Alabama lawmakers are acting to ensure that federal relief from the American Rescue Plan Act does not increase tax liabilities in the state.
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States Should Act Fast on UC Trust Fund Deposits, and Other Takeaways from the New Treasury Guidance on ARPA Funding
States will continue to cut taxes because revenues are skyrocketing. But some will also be keeping a close eye on litigation targeting this dubious restriction on states’ fiscal autonomy.
Kentucky and Tennessee won an important legal victory Friday when a federal court ruled that the American Rescue Plan Act (ARPA)’s restrictions on state fiscal autonomy were unconstitutional and enjoined (blocked) the enforcement of those provisions against both states.
The Tax Foundation recently submitted regulatory comment on the U.S. Treasury’s state tax cuts limitation rule, highlighting three areas of concern and suggesting revisions to the rule.
Today, the U.S. Treasury issued an interim final rule on the $350 billion in State and Local Fiscal Recovery Funds provided under the American Rescue Plan Act (ARPA). The proposed rule resolves several important questions but continues to involve the federal government in state finances at an extraordinary level.
Tax cut legislation is not just a red state phenomenon, and tax reductions come in many forms other than rate reductions. The American Rescue Plan Act’s state tax cuts limitation is a problem for more states than you think.
The government of Hartford County, Connecticut is in line to receive $173 million in local aid under the American Rescue Plan Act (ARPA). There’s only one problem: the government of Hartford County doesn’t exist, nor do any of Connecticut’s other counties have county-level government despite being allocated a collective $691 million under the bill.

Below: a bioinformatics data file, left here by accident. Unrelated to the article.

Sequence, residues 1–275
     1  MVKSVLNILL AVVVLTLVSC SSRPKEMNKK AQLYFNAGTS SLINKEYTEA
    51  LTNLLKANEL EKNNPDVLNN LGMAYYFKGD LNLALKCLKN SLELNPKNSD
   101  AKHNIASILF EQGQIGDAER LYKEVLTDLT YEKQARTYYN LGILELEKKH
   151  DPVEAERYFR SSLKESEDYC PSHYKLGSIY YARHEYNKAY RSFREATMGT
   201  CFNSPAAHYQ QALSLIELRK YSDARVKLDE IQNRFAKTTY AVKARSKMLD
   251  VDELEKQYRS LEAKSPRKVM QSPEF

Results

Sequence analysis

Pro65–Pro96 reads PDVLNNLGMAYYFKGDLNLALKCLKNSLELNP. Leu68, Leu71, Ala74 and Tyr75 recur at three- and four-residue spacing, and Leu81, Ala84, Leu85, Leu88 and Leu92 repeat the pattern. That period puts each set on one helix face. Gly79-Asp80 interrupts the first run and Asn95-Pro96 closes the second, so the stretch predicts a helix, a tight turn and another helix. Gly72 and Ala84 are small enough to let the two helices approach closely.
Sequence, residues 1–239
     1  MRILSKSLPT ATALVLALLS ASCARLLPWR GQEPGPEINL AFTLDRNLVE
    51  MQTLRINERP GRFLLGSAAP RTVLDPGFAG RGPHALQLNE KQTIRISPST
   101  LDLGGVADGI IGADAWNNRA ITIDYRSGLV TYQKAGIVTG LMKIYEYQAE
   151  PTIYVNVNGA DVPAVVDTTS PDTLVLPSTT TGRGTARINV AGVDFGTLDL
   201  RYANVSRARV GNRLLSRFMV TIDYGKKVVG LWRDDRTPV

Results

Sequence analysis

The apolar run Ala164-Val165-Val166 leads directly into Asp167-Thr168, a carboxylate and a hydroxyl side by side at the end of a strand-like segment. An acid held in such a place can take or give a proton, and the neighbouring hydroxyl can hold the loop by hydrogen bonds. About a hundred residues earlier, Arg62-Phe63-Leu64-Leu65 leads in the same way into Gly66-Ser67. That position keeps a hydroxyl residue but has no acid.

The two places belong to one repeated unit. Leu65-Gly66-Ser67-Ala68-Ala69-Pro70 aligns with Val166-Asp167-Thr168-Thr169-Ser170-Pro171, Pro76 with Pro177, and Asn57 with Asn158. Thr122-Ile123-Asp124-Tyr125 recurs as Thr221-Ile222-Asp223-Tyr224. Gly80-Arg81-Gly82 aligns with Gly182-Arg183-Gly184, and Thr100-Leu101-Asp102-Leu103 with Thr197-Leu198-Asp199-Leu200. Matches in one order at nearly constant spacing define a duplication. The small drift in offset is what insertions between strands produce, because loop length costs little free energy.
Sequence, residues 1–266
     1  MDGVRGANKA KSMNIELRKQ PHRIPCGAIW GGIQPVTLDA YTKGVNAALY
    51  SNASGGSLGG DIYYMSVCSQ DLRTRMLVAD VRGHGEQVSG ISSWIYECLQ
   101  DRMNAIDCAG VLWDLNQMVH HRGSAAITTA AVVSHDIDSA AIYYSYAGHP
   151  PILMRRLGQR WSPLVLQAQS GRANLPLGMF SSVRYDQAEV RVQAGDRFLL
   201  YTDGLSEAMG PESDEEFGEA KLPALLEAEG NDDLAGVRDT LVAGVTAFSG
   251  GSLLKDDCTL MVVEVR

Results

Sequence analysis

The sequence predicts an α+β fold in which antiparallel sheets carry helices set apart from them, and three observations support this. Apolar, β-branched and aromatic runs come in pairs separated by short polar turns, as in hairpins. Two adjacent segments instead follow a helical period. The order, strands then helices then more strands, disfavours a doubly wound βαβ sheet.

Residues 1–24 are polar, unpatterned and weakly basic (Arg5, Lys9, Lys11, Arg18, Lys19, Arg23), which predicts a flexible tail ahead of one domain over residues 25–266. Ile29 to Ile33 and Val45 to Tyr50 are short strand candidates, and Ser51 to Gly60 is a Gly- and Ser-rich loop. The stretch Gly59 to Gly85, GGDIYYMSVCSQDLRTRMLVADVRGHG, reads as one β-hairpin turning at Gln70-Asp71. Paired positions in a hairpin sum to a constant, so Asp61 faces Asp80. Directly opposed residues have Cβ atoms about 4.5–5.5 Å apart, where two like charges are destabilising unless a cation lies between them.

The major tax-related benefits in the $1.9 trillion economic relief plan are a third round of direct payments, extended unemployment insurance (UI) benefits and a $10,200 unemployment insurance income exemption for 2020, and an expansion of the Child Tax Credit.
Senate amendments to the American Rescue Plan Act prohibit using any of the $350 billion in State and Local Fiscal Recovery Funds to cut taxes, but many are concerned that states which accept the funds could be prohibited from implementing tax cuts between now and 2024—an astonishing level of federal interference in states’ fiscal affairs.
Here’s each state’s estimated revenue gains or losses in 2020, alongside the state and local aid that would be allocated to each under the American Rescue Plan Act.